This is a common query and I doubt anyone has the definitive answer because what was once known as STL covers quite a wide range of concepts. Likely any one individual has only a very limited use for and knowledge of a subset of it, even if that's a large subset. I don't think it's possible for anyone to really be an expert across the entire STL because I doubt any single person has used every single feature.
It's important to understand this...because people should expect quite a varying range of opinions and you need to consider the subset of functionality that is relevant to your own work. For game development, we’re really only talking about a few specific types of containers that are relevant to run time. Tools are fair game for a much wider range of needs.
Once upon a time, at least to settle this query for my own purposes I considered the subset that I would use normally, discarding concepts I would never use and features I would never really be interested in during my life as a game developer. I looked deeply into the implementations I was interested in and tried to see if I could improve on them performance wise.
What I found was that most implementations were quite well developed and were quite efficient - at least as much as they could be. There was very little room for direct optimization, which wasn’t even worth the effort. For the optimizations that were possible...typically they'd be related to the deployment/use and as such would also be necessary if you were to take the ‘rolling your own’ containers option anyway or the optimizations were possible only by removing features to allow corner cutting.
The latter were more interesting to me because clear performance (and memory) wins were easy and possible via this route. This should surprise no one though…because the outcome of removing features is a more specialized case and as we all know, specialized cases will generally be more performant than generic ones. I actually don’t find too much fault with STL for being generic and flexible either – that’s kind of the point of it. I should also add that programming IMHO is often about making trade off decisions and sometimes generic/flexible is just a better choice anyway.
Unfortunately, this result did give me the excuse I needed to continue using and maintaining my own containers because I don’t need to give clock cycles away anyway. However, before the haters applaud I will also add that while such exercises do provide measurable gains at the instruction level please bear in mind that the % of time your program counter is iterating over such instructions is very minimal. The gains you’ll see to your frame rate by such techniques are often not going to be as noticeable.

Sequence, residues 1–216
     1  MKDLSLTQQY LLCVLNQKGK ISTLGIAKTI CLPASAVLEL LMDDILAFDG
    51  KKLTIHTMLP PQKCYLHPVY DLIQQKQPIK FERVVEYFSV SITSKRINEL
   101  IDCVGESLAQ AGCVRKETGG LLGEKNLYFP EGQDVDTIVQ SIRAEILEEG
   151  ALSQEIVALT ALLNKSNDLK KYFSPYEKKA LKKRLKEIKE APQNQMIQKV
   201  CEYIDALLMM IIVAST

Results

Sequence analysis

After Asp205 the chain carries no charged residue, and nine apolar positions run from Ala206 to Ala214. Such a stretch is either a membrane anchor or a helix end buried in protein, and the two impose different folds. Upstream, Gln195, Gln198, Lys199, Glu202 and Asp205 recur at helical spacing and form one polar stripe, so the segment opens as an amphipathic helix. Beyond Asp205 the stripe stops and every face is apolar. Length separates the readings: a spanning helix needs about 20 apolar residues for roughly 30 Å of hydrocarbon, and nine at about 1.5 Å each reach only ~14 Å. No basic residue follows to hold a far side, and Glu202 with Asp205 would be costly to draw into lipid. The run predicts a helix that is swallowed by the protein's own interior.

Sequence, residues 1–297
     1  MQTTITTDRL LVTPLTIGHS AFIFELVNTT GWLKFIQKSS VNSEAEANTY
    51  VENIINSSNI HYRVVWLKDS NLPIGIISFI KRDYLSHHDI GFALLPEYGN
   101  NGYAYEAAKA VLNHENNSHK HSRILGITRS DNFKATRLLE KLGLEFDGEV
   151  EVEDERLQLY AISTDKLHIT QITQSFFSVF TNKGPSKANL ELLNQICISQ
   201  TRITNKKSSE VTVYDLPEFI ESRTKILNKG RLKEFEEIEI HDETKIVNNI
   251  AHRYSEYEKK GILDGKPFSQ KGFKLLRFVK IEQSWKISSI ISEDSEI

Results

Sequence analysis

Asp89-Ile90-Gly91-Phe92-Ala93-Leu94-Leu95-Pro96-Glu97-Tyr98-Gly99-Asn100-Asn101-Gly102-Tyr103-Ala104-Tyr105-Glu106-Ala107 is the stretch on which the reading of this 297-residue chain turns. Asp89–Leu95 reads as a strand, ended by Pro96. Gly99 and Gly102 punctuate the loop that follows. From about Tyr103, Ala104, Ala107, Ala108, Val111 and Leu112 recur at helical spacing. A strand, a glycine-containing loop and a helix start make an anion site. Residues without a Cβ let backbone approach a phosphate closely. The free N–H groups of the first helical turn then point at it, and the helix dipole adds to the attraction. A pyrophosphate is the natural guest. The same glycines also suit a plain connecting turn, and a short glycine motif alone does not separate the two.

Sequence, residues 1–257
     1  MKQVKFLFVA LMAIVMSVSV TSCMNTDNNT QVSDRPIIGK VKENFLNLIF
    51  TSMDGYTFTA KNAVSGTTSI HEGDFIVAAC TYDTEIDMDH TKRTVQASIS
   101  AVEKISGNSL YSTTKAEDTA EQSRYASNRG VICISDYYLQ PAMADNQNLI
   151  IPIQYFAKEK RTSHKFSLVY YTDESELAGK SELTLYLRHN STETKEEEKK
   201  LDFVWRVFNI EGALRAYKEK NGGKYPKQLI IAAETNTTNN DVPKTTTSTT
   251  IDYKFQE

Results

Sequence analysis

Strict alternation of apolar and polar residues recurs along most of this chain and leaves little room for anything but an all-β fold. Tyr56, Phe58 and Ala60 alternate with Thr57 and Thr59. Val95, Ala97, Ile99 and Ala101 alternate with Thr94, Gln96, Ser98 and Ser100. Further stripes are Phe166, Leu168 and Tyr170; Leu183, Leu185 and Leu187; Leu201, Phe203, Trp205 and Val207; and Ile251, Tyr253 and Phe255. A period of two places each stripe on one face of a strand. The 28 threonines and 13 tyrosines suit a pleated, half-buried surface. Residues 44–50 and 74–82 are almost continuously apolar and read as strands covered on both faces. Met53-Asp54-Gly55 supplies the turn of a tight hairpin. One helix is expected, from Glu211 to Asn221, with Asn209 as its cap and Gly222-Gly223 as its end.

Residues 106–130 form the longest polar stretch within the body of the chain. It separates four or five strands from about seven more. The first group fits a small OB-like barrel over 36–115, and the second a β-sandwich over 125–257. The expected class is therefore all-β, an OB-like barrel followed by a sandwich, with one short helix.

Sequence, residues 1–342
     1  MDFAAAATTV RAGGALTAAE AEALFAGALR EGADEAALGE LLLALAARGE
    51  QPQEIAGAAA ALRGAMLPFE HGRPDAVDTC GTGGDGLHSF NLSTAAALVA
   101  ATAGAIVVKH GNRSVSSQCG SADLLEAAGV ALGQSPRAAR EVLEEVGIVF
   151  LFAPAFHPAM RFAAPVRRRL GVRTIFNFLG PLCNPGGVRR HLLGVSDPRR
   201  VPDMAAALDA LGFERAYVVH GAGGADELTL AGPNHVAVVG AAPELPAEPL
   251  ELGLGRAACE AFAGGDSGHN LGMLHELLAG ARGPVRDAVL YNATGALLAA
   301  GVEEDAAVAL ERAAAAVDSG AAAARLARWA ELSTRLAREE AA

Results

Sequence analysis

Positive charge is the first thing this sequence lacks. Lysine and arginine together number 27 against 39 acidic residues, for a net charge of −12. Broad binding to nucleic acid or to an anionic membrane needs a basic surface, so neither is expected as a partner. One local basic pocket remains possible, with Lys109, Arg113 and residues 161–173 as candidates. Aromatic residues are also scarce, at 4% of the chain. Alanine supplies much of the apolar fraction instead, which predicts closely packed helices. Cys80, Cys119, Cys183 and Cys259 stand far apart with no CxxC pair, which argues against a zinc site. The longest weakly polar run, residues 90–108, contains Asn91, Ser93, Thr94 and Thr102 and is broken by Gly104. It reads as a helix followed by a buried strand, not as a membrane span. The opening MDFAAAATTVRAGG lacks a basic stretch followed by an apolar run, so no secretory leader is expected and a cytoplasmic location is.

I should also add that while I do use my own containers, that wasn’t an excuse for me to throw STL containers away. I still use them actually, particularly in code that I share with others or in code that needs to be more flexible.
A TL/DR version, which is also roughly the takeaway from my own research
- In rolling your own it’s easy to make performance gains, but you’re not really optimizing STL – you’re removing features and making something else. Apples and oranges don’t really compare.
- I did make some memory gains too, as I briefly hint at above.
- The more features you add, the more the gap will close on any gains you made - the more pointless having your own will be.
- If you can live without those features the performance gains are worth it at the instruction level.
- The same performance gains have limited worth overall, largely due the time your program counter is in these so called problem areas. Or…there should be bigger fish to fry when you look at your performance profile.
- It is possibly worth using your own to gain maximum performance for your run time regardless (as I say above…why thrown cycles away).
- Rolling your own is an interesting exercise, particularly if you do look at the existing implementations. You’ll learn a lot about them and I think make wiser decisions for having that knowledge.
- Rolling your own with the intention of supporting all the same features is pointless. Things will exist in your version for the same reason they exist in vendor versions, which have already been optimized as they are. You really will be reinventing the wheel here and you’ll do that via creating a less optimal wheel at least in the first instance.
- Where you don’t need performance, the only possible need to use your own might be for reasons of consistency and not using two different types of containers.
- It’s my opinion that your tools/pipeline and generally your higher level code are better off using STL/standard C++ library containers though. Why?…
- They are more flexible and this sort of code generally needs to have that benefit
- The same code will be more maintainable due to using something more flexible
- Because they are standard and everyone should know them. Not everyone will be aware of the nuances of your own version, even if it’s a version shared amongst several people.
- The advantage of the alternative has no place here.